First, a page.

Barack H. Obama was the first African-American president of the United States of America. Hillary Clinton was the first major female party nominee for president.
Their achievements are unalterable truths in the short history of the United States, and their successes represent the empowerment of two marginalized groups that have been oppressed for much of the nation's history. In times of heightened tension, it is crucial to highlight unprecedented accomplishments so that we continue the momentum of progress.
Matthew A. Kazlauskas, an Advanced Placement U.S. history teacher at the John D. O'Bryant High School, comments, “The history of African-Americans and of women in the U.S. are incredibly important. Both have played vital roles in shaping this country. They didn't always make up the major narrative. They obviously weren't always in government which tended to dominate traditional narratives.”
The oppression of African-Americans and women as a whole in our nation's history is not debatable, and it continues to this day. African-American men are disproportionately incarcerated, and women of all nations continue to struggle with equal pay for equal work.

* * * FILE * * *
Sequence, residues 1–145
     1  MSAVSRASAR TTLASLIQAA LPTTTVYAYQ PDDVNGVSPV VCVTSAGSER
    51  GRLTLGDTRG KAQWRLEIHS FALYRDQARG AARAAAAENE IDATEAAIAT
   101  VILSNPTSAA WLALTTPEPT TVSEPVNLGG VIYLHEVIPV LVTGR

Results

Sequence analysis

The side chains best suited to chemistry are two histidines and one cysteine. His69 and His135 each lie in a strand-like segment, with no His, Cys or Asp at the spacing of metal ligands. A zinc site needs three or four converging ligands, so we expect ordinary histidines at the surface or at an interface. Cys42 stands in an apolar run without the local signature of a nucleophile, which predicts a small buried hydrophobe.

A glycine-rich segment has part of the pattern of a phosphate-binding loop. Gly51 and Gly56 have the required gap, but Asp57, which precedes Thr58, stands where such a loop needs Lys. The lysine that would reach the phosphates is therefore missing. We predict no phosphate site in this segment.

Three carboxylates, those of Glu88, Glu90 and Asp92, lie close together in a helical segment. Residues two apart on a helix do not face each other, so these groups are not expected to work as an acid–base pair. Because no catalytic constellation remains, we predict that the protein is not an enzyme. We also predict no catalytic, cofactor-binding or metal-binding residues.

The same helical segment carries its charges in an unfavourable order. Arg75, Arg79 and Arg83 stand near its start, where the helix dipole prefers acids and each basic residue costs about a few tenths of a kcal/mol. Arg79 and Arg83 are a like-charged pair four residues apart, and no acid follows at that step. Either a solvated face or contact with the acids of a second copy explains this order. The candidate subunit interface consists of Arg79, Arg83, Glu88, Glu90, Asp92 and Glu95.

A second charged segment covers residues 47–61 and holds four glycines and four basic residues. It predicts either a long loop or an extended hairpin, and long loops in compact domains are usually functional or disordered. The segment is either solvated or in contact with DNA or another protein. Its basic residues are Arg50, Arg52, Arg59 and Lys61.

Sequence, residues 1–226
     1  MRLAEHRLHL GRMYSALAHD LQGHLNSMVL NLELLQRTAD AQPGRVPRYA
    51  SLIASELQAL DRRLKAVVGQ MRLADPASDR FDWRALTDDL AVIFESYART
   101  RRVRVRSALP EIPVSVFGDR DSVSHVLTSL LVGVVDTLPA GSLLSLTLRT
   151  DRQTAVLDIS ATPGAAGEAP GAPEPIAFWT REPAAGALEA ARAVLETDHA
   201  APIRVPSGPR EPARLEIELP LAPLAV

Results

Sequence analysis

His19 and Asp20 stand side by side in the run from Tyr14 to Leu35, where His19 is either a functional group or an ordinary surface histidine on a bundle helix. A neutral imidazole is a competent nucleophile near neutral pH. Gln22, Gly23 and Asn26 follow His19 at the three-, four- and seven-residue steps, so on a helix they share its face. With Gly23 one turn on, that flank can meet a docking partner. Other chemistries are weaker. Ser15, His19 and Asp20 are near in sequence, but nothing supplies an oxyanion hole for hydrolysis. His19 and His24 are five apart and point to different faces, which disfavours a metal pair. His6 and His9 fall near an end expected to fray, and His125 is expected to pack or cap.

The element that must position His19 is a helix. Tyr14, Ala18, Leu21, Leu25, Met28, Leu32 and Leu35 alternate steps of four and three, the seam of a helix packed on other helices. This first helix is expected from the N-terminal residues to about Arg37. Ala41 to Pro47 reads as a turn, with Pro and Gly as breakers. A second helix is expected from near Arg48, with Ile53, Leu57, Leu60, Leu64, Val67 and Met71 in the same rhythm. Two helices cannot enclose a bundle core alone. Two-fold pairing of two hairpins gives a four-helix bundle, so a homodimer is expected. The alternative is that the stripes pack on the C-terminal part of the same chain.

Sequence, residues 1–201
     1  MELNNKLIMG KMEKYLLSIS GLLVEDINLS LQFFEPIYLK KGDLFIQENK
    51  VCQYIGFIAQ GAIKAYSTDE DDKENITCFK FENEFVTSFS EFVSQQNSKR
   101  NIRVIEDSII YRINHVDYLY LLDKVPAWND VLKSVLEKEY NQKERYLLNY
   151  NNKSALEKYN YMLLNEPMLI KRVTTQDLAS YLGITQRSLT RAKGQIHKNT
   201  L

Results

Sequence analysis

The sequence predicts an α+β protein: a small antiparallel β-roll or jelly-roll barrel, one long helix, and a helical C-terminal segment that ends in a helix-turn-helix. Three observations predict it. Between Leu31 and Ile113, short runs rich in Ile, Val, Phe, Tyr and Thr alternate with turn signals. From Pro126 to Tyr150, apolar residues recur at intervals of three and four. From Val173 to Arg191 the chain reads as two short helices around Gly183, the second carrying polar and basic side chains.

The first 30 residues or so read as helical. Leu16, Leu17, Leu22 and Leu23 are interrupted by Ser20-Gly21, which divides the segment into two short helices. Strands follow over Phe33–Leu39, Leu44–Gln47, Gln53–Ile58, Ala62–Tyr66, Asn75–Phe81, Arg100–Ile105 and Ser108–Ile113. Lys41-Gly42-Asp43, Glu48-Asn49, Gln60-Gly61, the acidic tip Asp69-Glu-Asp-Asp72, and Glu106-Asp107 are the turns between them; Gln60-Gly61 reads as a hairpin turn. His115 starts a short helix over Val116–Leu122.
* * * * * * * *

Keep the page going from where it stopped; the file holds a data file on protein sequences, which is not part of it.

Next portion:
The worldwide Women's March on Washington in January occurred in response to Donald Trump’s presidency after a series of hateful, sexist rhetoric during his campaign. In recent years, numerous protests have transpired after an alarming amount of video evidence showing what appears to be excessive force by police officers against unarmed minorities. These social responses are evidence of ongoing struggles among marginalized groups.
Agnes Ugoji, a junior at the O’Bryant who attended the Women's March in Boston, said, “Women need to continuously prove themselves in male-dominated jobs. They have to prove they are worthy of their positions and people undermine their education because they are women. Gender shouldn't be a barrier in professional work.”
The unfair disadvantages of women and African-Americans in our modern society is what makes the achievements of Obama and Clinton stand out further. They defied stereotypes and misconceptions that society holds.
Dahlia Elamin, also a junior at the O’Bryant, says, “Hillary Clinton’s run for presidency set an influence -- not just for women, but for everyone -- that women are capable.” Clinton set new, higher standards for women and became a positive model to young girls all over the world.
Elamin elaborated, “Another African-American president also seems possible because of Obama’s positive public image. Other people could do what they might have once thought was impossible because of the stereotypes and misconceptions Obama challenged as an African -American president.”
Obama and Clinton broke barriers and carved paths for others to follow. Their stories bring hope for improvement into reality. As a generation raised under Obama’s game-changing presidency that is now witnessing a dramatically different political atmosphere, it is our responsibility to continue the legacy of Obama, Clinton and all those who will follow in their pursuit of change and progress.